If you like this, try: Prawn’s recent album, “Kingfisher,” another more mature sounding emo album, albeit one that takes an entirely different lyrical approach.

Dads – “Pretty Good”

(Photo Credit: best-vinyl.blogspot.com)

Grade: B

Dads, a wonderfully fast and gleefully sad duo from New Jersey, have been looking to shed their emo background. In March they were crowned the best emo band ever in Property of Zack’s March Sadness competition (probably in part to being the only band interested in the competition and encouraging their fanbase to vote). But the emo branding bears some weights, as the word ’emo’ brings more bad bands to mind than good ones. So the duo hopes to change that on their new four track EP, “Pretty Good.” It yearns for their emo-leaning work, but for a band attempting outreaches, it succeeds.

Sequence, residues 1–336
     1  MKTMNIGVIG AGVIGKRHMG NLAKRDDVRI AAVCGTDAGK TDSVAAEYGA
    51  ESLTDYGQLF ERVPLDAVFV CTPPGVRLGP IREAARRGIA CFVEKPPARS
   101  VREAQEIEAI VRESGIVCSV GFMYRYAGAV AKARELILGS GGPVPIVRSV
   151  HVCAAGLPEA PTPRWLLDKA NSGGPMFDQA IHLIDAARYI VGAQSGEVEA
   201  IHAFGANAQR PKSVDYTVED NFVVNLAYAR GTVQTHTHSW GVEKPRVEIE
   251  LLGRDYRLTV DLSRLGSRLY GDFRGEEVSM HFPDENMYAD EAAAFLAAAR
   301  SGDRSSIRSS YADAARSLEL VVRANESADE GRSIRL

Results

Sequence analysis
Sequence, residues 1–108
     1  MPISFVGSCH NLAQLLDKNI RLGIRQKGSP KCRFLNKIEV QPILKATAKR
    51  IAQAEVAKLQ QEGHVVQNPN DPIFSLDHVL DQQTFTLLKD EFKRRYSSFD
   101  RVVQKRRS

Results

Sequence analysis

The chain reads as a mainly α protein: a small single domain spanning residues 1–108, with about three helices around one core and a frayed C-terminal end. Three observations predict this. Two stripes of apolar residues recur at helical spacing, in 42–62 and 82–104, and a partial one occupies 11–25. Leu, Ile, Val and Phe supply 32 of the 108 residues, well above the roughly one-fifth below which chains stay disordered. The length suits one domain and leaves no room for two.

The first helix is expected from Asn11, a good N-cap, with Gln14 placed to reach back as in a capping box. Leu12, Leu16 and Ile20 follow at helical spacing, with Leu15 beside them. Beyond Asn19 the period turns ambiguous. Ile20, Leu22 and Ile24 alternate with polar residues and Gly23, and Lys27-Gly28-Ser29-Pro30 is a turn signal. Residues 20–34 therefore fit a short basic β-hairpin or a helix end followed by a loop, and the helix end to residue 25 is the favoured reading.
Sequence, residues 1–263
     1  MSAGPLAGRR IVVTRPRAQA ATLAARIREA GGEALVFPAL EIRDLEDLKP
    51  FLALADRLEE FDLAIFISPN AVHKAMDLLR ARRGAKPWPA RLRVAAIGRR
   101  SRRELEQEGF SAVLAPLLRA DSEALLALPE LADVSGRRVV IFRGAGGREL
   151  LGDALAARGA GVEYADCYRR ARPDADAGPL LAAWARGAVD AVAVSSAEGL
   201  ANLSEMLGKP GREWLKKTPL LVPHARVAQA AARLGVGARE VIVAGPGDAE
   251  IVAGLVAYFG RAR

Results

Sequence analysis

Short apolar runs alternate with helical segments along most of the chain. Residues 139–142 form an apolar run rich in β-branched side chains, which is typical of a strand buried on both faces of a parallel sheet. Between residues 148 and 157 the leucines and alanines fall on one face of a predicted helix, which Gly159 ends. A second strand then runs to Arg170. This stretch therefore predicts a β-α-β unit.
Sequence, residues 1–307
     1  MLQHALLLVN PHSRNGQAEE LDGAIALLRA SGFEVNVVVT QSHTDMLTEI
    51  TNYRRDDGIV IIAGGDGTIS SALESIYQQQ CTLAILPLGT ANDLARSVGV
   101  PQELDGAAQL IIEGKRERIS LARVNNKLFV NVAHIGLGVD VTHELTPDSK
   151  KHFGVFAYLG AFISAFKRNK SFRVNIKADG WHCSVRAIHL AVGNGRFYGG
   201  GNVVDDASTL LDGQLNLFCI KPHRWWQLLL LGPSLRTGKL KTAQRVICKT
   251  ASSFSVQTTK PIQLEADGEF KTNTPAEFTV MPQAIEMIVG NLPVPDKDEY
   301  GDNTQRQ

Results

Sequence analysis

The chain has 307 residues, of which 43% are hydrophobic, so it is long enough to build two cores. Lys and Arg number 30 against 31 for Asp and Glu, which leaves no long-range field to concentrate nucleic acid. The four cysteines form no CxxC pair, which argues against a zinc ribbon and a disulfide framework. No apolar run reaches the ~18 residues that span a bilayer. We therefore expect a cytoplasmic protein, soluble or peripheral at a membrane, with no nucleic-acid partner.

The opening track, “My Crass Patch,” is easily the EP’s best. The song is vocally similar to their previous works, but feels heavier and angrier. It sets the transition off on the right foot, sending a different message than the carefree-yet-miserable feel of their 2012 album, “American Radass (This Is Important).” The second track, “Can I Be Yr Deadbeat Boyfriend?” continues with the heavy feel, and adds a little punk inspiration throughout it’s very short run. It is the most reminiscent of their older music, sounding similar to the heavily-intro blasts like “Groin Twerk” and “Grunt Work,” while still sounding more purposeful.